Iran nuke talks back over weekend, but could drag into August


Iranian officials started to leak that they would like a deal by August, around when the country’s new president, who will be elected on June 18, actually takes office. YONAH JEREMY BOB

Iranian President Hassan Rouhani speaks at a news conference on the sidelines of the United Nations General Assembly in New York, US, September 26, 2019


Talks between Iran, the US and the world powers in Vienna to resolve the nuclear standoff will be renewed this weekend, but could drag into August.

After earlier mixed messages from the parties about whether the talks would restart on Thursday as originally planned,

US Deputy Secretary of State Wendt Sherman said on Wednesday that the latest round of talks would restart over the weekend.

Despite optimism from some EU, Russian and Chinese officials that a return to the 2015 JCPOA nuclear deal could have been accomplished weeks ago or during this round, both US and Iranian officials made loud noises this week that the talks were not near an end.

Other Iranian officials started to leak that they would like a deal by August, around when the country’s new president takes office.

Earlier in the spring, Iranian President Hassan Rouhanii had made a series of positive statements that nearly all issues were resolved, indicating that he clearly wanted a deal before May 21.

At the time, May 21 was the deadline that the Islamic Republic had set for the US to lift sanctions, threatening to otherwise end international nuclear inspections.

That deadline was somewhat artificial, and Tehran extended the deadline for cooperating with IAEA inspectors to June 24. This raised speculation that Iranian Supreme Leader Ayatollah Ali Khamenei did not want a deal before the June 18 presidential election.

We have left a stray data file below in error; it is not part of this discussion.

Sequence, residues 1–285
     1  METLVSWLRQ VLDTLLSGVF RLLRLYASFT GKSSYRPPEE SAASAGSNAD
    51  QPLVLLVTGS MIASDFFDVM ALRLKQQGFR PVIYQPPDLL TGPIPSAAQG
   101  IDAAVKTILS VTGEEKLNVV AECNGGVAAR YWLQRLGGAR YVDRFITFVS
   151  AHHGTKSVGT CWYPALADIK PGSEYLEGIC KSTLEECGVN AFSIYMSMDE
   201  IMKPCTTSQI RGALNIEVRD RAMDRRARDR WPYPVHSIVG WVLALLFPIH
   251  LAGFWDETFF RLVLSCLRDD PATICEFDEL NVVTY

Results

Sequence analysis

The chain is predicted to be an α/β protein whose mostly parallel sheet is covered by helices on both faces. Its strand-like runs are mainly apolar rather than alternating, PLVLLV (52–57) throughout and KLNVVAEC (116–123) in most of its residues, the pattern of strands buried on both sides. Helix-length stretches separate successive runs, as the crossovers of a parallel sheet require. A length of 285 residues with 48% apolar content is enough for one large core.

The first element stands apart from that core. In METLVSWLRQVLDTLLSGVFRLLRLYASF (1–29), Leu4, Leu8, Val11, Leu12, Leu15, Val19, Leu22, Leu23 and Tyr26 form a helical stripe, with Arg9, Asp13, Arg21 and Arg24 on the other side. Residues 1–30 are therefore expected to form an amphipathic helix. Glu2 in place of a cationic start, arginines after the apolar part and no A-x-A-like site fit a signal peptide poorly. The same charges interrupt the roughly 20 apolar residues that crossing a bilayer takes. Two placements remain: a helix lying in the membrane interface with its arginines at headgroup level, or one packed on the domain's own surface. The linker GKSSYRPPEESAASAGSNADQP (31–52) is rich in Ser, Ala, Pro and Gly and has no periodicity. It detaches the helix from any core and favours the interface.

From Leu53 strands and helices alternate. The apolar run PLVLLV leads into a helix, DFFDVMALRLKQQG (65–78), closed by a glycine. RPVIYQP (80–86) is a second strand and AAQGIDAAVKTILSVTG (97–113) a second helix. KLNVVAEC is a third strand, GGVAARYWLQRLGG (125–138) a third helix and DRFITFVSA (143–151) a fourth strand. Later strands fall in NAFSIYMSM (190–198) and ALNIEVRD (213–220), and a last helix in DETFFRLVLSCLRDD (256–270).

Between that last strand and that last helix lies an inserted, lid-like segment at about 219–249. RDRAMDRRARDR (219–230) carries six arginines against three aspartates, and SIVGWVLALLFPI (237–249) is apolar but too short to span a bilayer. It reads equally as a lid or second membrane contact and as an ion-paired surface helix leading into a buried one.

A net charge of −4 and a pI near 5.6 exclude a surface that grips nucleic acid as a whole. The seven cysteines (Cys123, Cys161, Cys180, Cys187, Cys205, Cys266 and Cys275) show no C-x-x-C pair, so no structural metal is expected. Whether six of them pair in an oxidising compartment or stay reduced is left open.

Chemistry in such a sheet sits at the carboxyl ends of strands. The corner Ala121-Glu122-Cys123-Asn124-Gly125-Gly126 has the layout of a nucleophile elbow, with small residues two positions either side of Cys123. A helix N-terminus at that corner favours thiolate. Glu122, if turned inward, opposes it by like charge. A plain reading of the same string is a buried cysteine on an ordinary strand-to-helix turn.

The thinking was that Khamenei wanted a deal around the June 18-24 period so that the expected hard-line president, Ebrahim Raisi, could take credit and not Rouhani.

If Khamenei did not want a deal in late June, why would he extend the deadline with the IAEA only one month and have to breach yet another of several deadlines Iran has tried to impose on the Biden administration, dating back to the end of 2020?

Khamenei, not the president, is the final voice on major strategic issues like the nuclear standoff, and many say he has wanted to punish Rouhani as being overly cooperative with the West.

Now it appears that the short extension was to try to keep pressure on the US, but that a deal in August around when the new president takes office would be equally acceptable to Khamenei.

“There is an interest to reach understandings until August,” said Iran expert Dr. Raz Zimmt, a fellow at INSS and an editor at the Meir Amit Intelligence and Terrorism Information Center. “Though in principle talks could be continued beyond then, maybe even with the same negotiators.”

Questioned on how Iran would explain violating yet another self-imposed deadline on June 24, Zimmt said: “As long as the talks are continuing, it is always possible to extend cooperation with the IAEA again and again, though each time it is more and more complex and burdensome.”

Iranian officials claimed on Thursday that the US was insisting that the Islamic Republic return to the JCPOA’s nuclear limits before sanctions are lifted.

In fact, Washington has said it is willing to sequence lifting sanctions simultaneously to a return to the nuclear limits.

Meanwhile, Iran’s presidential candidates held a debate earlier this week in which Raisi, the front-runner and favorite of Khamenei, did take some hard questions from other candidates.

However, he did not need to defend himself much as other hard-line candidates lashed out at any candidate who attacked him, saying they should be banned from public office for their radical views.



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